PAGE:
Tom Brady, one of the world’s most decorated professional athletes and widely viewed as the greatest player in N.F.L. history, announced Wednesday that he would retire. For good this time.
“I’ll get to the point right away,” Brady, who just completed his 23rd season, said in a short video posted on social media. “I’m retiring. For good.”
He is expected to step into a role as a TV broadcaster, after signing a deal in 2022 with Fox Sports that was reportedly worth $375 million over 10 years.
Brady also runs several businesses. He founded the health and wellness company TB12 Sports with his longtime trainer Alex Guerrero. He also has Religion of Sports, which is a media company, and the Brady Brand clothing line.
Brady, 45, exits his football career as the most accomplished player in the sport. He won seven Super Bowls and was named the most valuable player of five of those games, both N.F.L. records. He sits atop the list for almost every major passing statistical category, including career completions (7,753), passing yards (89,214) and passing touchdowns (649), but distinguished himself most in the postseason, where he set records for game-winning drives (14) and fourth-quarter comebacks (9).
The oldest active player in the N.F.L. this season, Brady’s late-game heroics helped the Tampa Bay Buccaneers reach the playoffs again despite their 8-9 record. But the team lost in the wild-card round of the playoffs to the Dallas Cowboys by a 31-14 margin, which could not be surmounted even by Brady, whose last N.F.L. pass was an incompletion aimed at Julio Jones.
This season was his worst as a professional but still elite by comparison. Brady threw for 4,694 passing yards, the third most in the league, while completing 66.8 percent of his passes.
He retired after his third season with the Buccaneers, a campaign that at one point looked as if it wouldn’t happen: Brady first announced his retirement on Feb. 1, 2022, but reversed that decision after less than six weeks.
The season occurred with the backdrop of a tense period in his personal life. Brady and the supermodel Gisele Bündchen, his wife of more than 13 years, announced in October that they had divorced. They have two children together — a son, Benjamin, 13, and a daughter, Vivian, 10. Brady also has a son, Jack, 15, from a previous relationship with the actress Bridget Moynahan.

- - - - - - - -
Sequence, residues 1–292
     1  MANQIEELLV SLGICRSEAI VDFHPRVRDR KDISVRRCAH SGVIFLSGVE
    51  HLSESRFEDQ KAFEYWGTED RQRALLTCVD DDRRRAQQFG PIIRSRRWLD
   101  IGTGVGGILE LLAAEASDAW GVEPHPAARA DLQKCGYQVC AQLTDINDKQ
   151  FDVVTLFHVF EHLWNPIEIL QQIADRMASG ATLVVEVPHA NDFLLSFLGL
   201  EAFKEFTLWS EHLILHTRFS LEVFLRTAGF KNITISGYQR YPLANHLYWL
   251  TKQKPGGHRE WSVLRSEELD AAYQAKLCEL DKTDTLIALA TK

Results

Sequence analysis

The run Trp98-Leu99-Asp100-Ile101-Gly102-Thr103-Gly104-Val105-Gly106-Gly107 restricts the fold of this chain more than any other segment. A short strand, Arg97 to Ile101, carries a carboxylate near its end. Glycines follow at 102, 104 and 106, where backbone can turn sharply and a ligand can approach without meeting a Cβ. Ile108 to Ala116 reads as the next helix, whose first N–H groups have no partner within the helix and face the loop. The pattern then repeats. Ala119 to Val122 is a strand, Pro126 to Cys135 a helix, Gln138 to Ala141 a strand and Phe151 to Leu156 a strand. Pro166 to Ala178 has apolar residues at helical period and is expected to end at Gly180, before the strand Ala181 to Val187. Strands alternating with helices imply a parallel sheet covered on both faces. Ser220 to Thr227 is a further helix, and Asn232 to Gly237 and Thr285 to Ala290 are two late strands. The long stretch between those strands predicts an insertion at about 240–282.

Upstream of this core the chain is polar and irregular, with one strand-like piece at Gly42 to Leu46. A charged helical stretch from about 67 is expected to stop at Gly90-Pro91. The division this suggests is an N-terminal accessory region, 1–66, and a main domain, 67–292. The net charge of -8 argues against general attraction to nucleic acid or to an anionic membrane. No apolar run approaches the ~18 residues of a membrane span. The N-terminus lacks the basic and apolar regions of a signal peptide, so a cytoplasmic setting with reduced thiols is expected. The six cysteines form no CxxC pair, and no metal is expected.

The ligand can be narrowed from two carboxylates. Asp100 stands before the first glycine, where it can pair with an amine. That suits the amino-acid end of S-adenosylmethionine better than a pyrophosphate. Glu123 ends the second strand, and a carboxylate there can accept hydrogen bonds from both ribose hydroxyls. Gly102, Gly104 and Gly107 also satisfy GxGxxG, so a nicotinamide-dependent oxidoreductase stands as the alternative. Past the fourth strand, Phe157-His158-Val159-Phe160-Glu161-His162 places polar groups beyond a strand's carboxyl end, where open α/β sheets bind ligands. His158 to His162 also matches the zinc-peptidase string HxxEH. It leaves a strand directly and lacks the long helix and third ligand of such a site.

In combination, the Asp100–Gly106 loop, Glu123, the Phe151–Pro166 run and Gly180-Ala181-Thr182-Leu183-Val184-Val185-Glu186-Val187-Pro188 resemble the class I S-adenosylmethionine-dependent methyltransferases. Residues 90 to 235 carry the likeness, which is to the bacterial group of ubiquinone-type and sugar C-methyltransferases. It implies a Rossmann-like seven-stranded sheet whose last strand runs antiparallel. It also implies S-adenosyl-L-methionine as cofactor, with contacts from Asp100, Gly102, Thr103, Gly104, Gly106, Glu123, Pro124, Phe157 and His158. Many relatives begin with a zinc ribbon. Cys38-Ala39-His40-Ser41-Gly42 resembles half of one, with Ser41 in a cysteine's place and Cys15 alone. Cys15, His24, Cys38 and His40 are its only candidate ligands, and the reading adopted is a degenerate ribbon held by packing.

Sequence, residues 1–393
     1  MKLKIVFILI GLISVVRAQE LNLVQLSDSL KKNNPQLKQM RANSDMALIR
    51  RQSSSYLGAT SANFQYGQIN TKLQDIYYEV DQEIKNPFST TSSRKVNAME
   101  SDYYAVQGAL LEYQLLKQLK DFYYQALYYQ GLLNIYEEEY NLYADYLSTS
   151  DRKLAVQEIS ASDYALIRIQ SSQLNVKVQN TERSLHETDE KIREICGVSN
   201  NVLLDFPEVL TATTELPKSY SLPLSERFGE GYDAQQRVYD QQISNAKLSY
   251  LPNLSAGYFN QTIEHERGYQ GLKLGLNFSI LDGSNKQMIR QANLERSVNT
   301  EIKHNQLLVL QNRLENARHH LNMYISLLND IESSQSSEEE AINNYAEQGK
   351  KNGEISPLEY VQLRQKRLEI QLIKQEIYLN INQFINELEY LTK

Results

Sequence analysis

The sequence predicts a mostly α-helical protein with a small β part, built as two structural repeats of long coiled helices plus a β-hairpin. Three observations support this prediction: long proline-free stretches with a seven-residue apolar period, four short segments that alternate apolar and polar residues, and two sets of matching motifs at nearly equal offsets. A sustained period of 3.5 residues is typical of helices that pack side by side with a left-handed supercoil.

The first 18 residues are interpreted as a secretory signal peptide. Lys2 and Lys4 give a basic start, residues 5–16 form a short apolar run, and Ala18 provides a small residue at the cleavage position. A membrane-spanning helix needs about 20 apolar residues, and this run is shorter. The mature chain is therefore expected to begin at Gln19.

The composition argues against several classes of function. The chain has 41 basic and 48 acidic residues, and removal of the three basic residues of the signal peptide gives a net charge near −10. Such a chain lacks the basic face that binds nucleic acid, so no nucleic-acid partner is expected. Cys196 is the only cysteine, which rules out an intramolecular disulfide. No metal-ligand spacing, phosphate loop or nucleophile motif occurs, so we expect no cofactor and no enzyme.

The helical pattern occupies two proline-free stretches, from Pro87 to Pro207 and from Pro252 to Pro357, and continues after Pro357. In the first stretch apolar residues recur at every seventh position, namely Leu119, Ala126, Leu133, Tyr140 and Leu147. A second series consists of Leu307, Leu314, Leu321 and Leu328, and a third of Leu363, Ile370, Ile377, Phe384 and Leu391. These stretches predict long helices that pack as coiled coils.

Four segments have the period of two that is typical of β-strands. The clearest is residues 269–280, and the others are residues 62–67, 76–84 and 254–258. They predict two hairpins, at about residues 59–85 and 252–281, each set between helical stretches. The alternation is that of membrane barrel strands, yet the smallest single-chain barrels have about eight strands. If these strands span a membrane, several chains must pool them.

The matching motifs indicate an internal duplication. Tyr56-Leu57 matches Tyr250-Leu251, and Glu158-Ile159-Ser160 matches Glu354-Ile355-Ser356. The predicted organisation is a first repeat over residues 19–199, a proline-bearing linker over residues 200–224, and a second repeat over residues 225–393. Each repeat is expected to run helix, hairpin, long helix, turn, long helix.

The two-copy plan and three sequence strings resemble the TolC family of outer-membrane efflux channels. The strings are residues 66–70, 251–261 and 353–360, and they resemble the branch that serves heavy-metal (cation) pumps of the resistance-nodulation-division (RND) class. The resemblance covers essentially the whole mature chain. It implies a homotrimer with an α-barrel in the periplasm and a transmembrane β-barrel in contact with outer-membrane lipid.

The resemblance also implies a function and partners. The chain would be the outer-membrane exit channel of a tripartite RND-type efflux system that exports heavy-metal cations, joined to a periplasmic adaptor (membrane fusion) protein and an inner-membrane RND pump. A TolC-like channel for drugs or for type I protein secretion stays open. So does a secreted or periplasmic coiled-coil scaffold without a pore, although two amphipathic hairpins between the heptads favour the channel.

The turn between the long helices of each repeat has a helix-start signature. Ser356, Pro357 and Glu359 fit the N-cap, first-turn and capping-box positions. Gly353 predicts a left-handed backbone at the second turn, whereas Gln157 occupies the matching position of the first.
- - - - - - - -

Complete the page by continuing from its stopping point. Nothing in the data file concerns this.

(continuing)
Hints of disharmony between Brady and Bündchen began circulating at the end of the 2021 season. He had previously said in interviews that his focus on his career caused issues in the marriage, and in September 2022, Bündchen told Elle Magazine that she worried about his health if he continued to play. “Obviously, I have my concerns — this is a very violent sport, and I have my children and I would like him to be more present,” she said.
Brady missed several training camp practices in the summer, as well as two games in August for what was described as personal issues.
Brady joined the Buccaneers in 2020, leading Tampa Bay to a Super Bowl victory in his first year with the team. That season came after he left the New England Patriots, the franchise for which he had played his entire career to that point. Brady spent two decades in New England, where he won six world championships, but he did not come to new contract terms and left the team as an unrestricted free agent.
The Patriots drafted Brady in the sixth round of the 2000 N.F.L. draft. He won the starting quarterback job midway through his second season in 2001, replacing the injured Drew Bledsoe, and led New England that season to its first Super Bowl victory. Brady was linked to Coach Bill Belichick throughout his career in New England as the two shaped one of the league’s marquee dynasties. Along with winning six Super Bowls, tied with the Pittsburgh Steelers for the most among the N.F.L.’s franchises, the Patriots appeared in nine Super Bowls and 13 A.F.C. championship games.
But his career in New England also faced challenges. The N.F.L. in 2015 investigated whether the Patriots purposely deflated footballs to gain an advantage in the 2015 A.F.C. championship game. Brady served a four-game suspension for being “generally aware” of the scandal known as Deflategate.
After appearing to fumble against the Oakland Raiders in a playoff game that preceded his first Super Bowl win, Brady was also the face of the so-called tuck rule, which states that if a quarterback loses possession of the ball while his arm completes an intentional forward motion, the play should be ruled an incomplete pass instead of a fumble.